WorldFish is a global leader in aquatic food systems research and innovation for healthy people and planet. Science and partnerships are the foundation of our work. Our team delivers robust evidence to policy makers and technological innovations to producers, value chain actors and consumers in order to transform food systems. In this series, we feature our scientists in the spotlight, veteran researchers who have made a significant contribution to their field.
Quennie Vi Rizaldo is a Human Nutrition Specialist at WorldFish collaborating on the USAID-funded Fish For Livelihoods project to support small-scale aquaculture farmers and fishers in Myanmar. Her research supports improved nutritional outcomes in aquatic foods systems through use of nutrition-sensitive approaches, including the integration of diverse vegetable crops alongside farmed fish in homestead ponds. In her role, Rizaldo specializes in behavioral change and communication to facilitate the adoption of healthy eating behaviors, thus working to ensure both the production and consumption of nutrient-rich foods.
What are you currently working on for WorldFish?
I am currently collaborating with the private sector to develop dried small fish powder products. As the COVID-19 pandemic underscores the need for nutritious diets, my work to promote dried small fish powder is providing locally accessible and acceptable nutrient-rich foods that boost the health of young children in Myanmar.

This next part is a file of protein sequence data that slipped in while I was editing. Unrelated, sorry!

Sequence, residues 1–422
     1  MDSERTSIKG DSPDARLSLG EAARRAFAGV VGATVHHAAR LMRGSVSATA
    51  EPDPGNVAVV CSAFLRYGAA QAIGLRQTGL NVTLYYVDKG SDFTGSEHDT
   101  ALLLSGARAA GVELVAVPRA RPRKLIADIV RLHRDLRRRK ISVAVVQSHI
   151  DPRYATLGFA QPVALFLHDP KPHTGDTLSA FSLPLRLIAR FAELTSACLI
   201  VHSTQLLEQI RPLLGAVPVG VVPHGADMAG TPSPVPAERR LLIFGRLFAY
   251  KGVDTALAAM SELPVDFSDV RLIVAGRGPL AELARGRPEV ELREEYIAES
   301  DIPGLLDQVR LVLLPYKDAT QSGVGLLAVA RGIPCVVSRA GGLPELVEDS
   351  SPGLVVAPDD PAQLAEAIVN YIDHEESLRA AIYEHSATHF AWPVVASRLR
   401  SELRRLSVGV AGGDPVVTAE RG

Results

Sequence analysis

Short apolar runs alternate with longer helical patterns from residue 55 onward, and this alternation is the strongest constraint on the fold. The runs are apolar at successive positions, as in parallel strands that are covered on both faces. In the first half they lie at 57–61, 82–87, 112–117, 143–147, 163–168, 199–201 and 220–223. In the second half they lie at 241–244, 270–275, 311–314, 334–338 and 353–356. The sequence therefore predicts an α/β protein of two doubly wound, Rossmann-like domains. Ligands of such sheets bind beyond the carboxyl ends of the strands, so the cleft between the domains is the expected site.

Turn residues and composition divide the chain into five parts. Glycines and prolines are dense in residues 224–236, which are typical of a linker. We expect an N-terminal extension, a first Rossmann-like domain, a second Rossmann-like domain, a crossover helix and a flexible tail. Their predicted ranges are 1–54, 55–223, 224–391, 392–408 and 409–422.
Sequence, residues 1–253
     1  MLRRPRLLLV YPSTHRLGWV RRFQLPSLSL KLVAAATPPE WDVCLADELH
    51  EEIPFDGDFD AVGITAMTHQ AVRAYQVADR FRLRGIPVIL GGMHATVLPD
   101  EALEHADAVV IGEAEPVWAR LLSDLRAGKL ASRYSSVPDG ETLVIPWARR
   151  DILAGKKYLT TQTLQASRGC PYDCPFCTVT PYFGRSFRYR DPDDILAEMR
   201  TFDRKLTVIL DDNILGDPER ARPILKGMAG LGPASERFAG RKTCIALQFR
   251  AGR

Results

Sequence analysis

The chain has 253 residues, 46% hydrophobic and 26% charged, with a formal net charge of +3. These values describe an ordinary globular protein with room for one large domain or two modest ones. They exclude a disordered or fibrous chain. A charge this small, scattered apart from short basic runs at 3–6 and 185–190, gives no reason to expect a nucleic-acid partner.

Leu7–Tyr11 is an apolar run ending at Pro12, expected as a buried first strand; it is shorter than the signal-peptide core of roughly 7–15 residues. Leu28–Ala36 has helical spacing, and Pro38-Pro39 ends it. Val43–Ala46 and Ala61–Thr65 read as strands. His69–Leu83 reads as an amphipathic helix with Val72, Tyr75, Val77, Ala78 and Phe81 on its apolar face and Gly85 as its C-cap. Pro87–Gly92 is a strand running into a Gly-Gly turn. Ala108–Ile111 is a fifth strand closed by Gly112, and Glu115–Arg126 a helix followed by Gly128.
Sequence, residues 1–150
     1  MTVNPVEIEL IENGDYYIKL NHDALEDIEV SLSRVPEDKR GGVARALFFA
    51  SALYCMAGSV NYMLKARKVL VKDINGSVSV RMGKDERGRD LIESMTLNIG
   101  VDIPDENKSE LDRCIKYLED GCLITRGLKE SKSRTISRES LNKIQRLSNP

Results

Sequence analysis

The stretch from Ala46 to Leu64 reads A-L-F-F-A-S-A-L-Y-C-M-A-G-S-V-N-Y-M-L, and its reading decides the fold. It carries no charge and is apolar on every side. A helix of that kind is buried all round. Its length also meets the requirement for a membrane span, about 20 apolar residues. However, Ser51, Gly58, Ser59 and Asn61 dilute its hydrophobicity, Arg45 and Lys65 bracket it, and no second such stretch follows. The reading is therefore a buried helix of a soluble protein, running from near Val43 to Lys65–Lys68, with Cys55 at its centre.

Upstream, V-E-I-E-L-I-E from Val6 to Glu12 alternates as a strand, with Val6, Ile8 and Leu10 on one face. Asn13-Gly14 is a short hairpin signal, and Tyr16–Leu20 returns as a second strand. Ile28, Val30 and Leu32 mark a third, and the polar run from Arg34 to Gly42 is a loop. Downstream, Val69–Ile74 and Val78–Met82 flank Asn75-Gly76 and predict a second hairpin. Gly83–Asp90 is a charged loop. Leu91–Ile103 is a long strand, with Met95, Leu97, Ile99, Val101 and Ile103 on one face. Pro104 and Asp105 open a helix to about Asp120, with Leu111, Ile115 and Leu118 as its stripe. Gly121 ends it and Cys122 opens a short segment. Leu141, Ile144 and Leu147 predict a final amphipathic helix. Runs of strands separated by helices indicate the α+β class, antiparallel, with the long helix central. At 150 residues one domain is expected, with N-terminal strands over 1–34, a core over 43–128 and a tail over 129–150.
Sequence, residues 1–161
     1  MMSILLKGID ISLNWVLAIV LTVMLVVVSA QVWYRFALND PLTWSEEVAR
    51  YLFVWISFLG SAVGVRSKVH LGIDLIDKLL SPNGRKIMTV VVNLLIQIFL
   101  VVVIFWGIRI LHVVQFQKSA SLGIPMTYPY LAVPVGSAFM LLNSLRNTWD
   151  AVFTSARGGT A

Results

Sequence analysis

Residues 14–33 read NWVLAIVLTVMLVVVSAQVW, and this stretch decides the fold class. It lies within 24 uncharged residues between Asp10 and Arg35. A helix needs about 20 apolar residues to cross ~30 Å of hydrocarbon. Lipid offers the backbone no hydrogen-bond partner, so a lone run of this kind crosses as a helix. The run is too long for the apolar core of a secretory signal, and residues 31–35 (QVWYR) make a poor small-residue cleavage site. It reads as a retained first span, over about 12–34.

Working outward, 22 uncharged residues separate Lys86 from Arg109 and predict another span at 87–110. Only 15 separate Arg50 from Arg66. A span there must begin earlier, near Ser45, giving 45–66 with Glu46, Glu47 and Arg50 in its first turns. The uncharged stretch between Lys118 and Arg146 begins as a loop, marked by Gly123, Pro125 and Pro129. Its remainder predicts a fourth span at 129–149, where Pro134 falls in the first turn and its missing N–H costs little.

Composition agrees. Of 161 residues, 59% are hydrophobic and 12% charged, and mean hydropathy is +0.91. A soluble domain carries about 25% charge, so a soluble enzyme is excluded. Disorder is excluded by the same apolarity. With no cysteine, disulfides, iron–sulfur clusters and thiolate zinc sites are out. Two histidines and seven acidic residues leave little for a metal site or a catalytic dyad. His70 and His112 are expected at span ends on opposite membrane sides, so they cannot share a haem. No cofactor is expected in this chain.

Small fish are full of micronutrients that support cognitive development in children, especially during the first 1000 days of life. The main barrier to fish consumption in children is the potential for choking on bones. By grinding dried small fish into powder, we can safely incorporate their nutrients into children’s meals. Working with food processors in Myanmar, dried fish can be added to products regularly consumed by young children and pregnant women, such as soup mixes. I provide additional technical support to a food company to help them explore opportunities for products that suit the needs and tastes of the Myanmar market.
In addition, I am preparing a study to identify both the enablers and barriers to changing food consumption behaviors in women of reproductive age. The findings will inform us on how to tailor our approaches and better facilitate the adoption and maintaining of behaviors that support healthier diets.
What’s the most exciting thing about your research area?
I think collaborating with diverse stakeholders to adopt a systems approach to transforming aquatic food systems for more healthy and sustainable diets is an exciting development. This holistic approach, as opposed to individual efforts, will make food systems more effective. Unifying efforts from different sectors, ranging from production to consumption, will better support our ultimate goal of achieving adequate nutrition for all people, especially women and children.
How did you first become interested in researching nutrition-sensitive approaches in aquatic food systems?